BY LUKE COPPEN
A LEADING Colombian bishop emerged from rebel captivity last Friday proclaiming that God had given him back his life so it could put it at the service of his troubled homeland.
Bishop Jorge Jimenez Carvajal was freed by the Colombian army after a gunfight that left at least one of the bishop's captors dead. News reports said about 350 soldiers participated in the rescue operation.
Bishop Jimenez, president of the Latin American bishops' council, and a priest, Fr Desiderio Orjuela, were kidnapped on November 11 in the bishop's Diocese of Zipaquira while both were trayellMg to attend a ceremony 35 miles north of the capital, Bogota. Looking tired and unshaven, but overjoyed, Bishop Jimenez and Fr Orjuela were flown in a military helicopter to an army base in Bogota, where they were mobbed by family members, camouflage-clad soldiers and journalists.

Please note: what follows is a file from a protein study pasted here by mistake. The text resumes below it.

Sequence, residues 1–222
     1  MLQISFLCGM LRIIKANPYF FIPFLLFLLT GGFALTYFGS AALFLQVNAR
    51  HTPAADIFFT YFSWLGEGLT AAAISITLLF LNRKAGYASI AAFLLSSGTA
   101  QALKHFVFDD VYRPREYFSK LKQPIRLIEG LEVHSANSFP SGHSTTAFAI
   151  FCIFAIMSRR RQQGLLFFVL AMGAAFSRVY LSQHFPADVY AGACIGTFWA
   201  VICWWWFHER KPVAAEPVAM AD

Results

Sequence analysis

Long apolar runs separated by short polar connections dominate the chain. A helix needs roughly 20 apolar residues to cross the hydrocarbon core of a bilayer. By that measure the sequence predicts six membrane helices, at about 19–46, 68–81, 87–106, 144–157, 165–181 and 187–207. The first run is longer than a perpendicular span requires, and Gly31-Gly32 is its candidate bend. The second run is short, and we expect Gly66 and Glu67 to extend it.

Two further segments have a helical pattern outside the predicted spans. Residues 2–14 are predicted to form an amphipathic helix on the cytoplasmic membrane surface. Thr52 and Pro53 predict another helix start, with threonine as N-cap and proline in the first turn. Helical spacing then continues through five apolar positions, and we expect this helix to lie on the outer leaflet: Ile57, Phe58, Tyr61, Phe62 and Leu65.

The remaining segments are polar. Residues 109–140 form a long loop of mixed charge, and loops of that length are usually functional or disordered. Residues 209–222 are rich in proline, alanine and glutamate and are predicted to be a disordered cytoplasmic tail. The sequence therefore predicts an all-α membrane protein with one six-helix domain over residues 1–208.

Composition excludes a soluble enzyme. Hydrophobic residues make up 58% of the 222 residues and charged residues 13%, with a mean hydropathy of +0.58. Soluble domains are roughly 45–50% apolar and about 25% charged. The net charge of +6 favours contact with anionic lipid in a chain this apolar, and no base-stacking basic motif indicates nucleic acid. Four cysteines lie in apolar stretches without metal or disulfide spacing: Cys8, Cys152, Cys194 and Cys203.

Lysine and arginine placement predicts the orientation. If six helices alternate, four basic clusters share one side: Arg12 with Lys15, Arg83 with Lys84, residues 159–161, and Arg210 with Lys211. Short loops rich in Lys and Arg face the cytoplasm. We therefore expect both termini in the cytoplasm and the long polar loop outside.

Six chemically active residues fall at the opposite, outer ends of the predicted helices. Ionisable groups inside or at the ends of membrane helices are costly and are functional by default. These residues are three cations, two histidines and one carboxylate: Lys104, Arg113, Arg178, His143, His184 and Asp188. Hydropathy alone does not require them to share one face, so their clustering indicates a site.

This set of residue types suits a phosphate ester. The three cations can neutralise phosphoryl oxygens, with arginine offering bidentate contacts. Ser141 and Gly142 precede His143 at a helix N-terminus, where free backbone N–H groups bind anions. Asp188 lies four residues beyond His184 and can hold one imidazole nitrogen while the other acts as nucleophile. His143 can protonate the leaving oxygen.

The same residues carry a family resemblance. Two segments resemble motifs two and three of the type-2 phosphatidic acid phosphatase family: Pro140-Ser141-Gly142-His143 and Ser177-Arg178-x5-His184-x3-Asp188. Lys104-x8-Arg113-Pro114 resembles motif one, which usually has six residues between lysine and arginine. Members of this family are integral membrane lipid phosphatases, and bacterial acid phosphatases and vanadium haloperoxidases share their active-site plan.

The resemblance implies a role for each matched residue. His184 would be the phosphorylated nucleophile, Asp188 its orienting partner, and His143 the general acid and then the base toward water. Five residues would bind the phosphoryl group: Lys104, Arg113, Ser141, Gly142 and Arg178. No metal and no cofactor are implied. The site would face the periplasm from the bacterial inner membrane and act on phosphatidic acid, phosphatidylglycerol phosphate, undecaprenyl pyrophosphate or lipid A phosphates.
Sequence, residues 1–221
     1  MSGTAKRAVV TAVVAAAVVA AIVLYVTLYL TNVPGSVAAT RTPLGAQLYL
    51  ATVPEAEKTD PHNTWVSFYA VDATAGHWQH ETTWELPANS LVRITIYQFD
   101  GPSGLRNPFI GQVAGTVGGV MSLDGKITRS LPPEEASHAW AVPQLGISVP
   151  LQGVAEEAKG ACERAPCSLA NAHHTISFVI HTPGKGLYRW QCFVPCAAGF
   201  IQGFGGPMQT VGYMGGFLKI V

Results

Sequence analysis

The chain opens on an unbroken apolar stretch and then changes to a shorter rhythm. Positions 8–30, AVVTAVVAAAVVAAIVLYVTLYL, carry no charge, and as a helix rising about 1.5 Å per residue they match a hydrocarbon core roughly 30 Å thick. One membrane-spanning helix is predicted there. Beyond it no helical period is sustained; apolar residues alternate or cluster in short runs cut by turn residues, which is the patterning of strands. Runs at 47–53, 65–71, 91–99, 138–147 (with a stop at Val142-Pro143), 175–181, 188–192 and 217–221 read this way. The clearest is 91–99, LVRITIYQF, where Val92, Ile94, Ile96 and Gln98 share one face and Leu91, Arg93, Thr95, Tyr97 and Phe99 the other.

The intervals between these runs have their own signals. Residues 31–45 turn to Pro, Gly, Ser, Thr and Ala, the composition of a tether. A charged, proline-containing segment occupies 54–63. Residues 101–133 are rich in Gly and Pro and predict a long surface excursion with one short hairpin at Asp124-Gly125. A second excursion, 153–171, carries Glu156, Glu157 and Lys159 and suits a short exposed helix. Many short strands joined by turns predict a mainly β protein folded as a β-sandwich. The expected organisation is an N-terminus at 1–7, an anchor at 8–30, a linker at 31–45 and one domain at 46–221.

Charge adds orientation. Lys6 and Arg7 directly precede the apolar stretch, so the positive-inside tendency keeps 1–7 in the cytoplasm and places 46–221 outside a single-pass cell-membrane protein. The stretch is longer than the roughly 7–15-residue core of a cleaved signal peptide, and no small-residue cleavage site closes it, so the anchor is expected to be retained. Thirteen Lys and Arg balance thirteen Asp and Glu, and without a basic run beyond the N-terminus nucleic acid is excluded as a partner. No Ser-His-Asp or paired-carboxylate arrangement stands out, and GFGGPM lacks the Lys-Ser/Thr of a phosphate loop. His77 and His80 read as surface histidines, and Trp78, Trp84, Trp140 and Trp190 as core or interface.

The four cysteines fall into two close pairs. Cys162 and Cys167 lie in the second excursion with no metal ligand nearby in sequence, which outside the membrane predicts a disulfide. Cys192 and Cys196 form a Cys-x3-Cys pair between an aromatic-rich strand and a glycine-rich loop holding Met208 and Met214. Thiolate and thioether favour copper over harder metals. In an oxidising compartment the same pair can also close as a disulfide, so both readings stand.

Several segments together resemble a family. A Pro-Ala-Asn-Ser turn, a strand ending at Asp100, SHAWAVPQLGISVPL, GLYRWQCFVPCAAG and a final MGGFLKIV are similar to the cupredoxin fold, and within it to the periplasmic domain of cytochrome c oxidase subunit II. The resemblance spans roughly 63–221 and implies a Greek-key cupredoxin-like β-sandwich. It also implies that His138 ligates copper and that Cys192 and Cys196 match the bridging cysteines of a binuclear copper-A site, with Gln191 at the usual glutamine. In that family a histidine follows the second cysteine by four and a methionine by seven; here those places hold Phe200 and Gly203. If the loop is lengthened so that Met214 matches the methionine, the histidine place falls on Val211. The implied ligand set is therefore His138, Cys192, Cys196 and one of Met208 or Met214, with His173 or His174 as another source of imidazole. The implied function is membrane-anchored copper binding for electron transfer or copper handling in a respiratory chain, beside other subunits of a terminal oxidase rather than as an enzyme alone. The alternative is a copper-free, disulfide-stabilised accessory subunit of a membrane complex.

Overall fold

"God granted me life once
again so I can put it at the service of my homeland," Bishop Jimenez told reporters at an impromptu press conference upon arriving at the base.
Asked if he had feared for his life, he said: "I always have faith in God."
At the time of the kidnapping, the Latin American bish ops' council said the Revolutionary Armed Forces of Colombia, or FARC, was responsible.
Pope John Paul II, other high-ranking Vatican officials, and bishops from the United States, Latin America, Europe and Canada were among Church leaders calling for the immediate release of the bishop and priest. Vatican spokesman Joaquin Navarro-Valls expressed "enormous joy" at the release, and said he hoped Colombia's violence would soon come to an end.
FARC still holds dozens of kidnapped politicians, including former presidential candidate Ingrid Betancourt and a state governor, as well as soldiers, police and ordinary civilians. More than 3,000 people were taken hostage in Colombia last year alone.